Collections > UNC Scholarly Publications > Article > 2010 ACCF/AHA/AATS/ACR/ASA/SCA/SCAI/SIR/STS/SVM Guidelines for the Diagnosis and Management of Patients With Thoracic Aortic Disease: A Report of the American College of Cardiology Foundation/American Heart Association Task Force on Practice Guidelines, American Association for Thoracic Surgery, American College of Radiology, American Stroke Association, Society of Cardiovascular Anesthesiologists, Society for Cardiovascular Angiography and Interventions, Society of Interventional Radiology, Society of Thoracic Surgeons, and Society for Vascular Medicine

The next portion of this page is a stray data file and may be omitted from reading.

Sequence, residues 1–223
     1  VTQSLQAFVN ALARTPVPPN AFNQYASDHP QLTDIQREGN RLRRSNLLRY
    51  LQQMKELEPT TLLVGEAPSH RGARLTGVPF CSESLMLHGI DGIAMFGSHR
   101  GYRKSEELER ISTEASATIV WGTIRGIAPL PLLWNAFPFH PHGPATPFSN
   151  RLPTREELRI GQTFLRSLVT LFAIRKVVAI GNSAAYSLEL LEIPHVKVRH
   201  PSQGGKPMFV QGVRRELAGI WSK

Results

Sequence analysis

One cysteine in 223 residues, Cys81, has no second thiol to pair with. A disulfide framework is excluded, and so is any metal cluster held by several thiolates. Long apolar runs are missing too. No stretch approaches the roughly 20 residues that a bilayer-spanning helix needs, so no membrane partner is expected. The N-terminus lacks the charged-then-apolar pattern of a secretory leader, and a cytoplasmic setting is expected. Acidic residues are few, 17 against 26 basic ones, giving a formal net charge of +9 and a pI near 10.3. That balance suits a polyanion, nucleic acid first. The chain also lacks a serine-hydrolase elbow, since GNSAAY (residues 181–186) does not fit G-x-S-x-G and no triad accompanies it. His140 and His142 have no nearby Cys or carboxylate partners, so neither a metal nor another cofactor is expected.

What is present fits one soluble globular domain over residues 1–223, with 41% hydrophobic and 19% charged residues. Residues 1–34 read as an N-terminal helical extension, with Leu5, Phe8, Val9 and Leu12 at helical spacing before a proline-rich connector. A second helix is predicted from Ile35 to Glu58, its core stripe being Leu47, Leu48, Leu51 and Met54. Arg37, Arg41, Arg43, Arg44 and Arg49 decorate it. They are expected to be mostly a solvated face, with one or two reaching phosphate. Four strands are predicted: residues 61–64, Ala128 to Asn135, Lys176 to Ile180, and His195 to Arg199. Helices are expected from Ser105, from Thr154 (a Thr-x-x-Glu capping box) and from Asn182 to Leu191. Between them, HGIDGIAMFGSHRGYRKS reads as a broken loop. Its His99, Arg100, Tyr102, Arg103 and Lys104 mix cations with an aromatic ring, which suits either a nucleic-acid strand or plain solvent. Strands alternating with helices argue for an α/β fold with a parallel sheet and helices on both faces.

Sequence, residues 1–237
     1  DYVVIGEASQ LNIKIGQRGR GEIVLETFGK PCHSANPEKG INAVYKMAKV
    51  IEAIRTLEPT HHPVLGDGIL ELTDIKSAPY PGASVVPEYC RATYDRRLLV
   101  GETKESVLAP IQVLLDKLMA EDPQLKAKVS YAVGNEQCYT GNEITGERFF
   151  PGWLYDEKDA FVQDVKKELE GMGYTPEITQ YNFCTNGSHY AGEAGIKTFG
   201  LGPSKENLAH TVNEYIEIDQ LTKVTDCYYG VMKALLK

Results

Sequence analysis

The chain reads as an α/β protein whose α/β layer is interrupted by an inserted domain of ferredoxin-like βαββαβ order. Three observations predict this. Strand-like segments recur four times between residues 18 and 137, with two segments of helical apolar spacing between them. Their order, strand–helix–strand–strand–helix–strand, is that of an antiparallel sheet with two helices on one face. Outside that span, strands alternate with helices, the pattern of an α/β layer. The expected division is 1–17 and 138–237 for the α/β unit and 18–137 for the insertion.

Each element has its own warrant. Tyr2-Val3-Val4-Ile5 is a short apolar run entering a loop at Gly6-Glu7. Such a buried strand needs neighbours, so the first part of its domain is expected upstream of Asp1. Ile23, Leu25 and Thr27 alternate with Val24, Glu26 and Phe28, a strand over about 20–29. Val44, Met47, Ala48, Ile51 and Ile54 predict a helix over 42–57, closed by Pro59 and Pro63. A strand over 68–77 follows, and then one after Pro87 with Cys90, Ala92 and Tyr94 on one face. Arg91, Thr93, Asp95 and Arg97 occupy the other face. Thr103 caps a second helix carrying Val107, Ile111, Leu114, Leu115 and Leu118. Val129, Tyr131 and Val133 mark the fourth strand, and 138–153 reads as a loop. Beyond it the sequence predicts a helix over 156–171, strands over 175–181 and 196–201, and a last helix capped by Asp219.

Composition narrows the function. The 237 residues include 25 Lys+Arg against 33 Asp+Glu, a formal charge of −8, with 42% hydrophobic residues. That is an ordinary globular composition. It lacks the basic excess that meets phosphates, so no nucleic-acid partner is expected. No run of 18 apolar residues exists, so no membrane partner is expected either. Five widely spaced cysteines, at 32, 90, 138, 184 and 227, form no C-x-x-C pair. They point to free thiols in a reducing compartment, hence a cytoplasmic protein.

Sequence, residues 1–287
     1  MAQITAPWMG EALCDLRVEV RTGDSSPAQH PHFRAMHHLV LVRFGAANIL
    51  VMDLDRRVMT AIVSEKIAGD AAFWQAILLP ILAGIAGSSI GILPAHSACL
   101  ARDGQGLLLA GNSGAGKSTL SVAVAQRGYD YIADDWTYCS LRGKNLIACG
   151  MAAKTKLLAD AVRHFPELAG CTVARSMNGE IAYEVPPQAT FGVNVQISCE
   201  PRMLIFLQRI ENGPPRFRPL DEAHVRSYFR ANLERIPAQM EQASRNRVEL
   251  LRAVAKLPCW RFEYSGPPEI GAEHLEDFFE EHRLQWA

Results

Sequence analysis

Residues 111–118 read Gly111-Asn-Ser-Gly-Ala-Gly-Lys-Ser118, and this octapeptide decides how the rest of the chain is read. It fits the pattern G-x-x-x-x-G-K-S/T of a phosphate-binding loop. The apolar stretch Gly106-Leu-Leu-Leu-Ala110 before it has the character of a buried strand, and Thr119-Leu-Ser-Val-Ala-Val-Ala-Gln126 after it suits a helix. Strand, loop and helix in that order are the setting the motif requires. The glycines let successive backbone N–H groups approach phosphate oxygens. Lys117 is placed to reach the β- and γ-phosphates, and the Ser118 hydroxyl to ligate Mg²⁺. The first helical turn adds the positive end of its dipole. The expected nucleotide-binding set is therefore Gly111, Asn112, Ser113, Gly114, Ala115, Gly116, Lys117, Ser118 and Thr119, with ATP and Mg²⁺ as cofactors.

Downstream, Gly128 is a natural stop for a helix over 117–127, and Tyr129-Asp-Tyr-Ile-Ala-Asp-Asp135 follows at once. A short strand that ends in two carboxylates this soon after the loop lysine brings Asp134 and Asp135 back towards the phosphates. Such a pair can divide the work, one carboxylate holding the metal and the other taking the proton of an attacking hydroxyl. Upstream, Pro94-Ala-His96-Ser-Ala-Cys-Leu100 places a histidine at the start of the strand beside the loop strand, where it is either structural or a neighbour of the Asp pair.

The writing committee conducted a comprehensive search of the medical and scientific literature through the use of PubMed/MEDLINE. Searches were limited to publications written in the English language. Compiled reports were reviewed and additional articles were provided by committee members. Specifically targeted searches were conducted on the following subtopics: acute aortic dissection, ankylosing spondylitis, aortic dissection and litigation, aortic neoplasm, aortic tumors, Behçet disease, bicuspid aortic valve, calcified aorta, chronic dissection, coarctation of the aorta, D-dimer, dissecting aneurysm, Ehlers-Danlos syndrome, endovascular and aortic aneurysms, medial degeneration, porcelain aorta, giant cell arteritis, imaging and thoracic aortic disease, inflammatory disease, intramural hematoma, Loeys-Dietz syndrome, Marfan syndrome, Noonan syndrome, penetrating aortic ulcer, polycystic kidney disease, thoracic and aortic aneurysms, thoracic aortic disease and patient care, thoracic aortic disease and surgery, thoracic aorta and Kawasaki disease, Takayasu arteritis, thoracoabdominal and aorta or aortic disease, and Turner syndrome. More than 850 references were reviewed, with 830 used as the primary evidence base for the final guideline. The ACCF/AHA Task Force on Practice Guidelines methodology processes were followed to write the text and recommendations. In general, published manuscripts appearing in journals listed in Index Medicus were used as the evidence base. Published abstracts were used only for emerging information but were not used in the formulation of recommendations.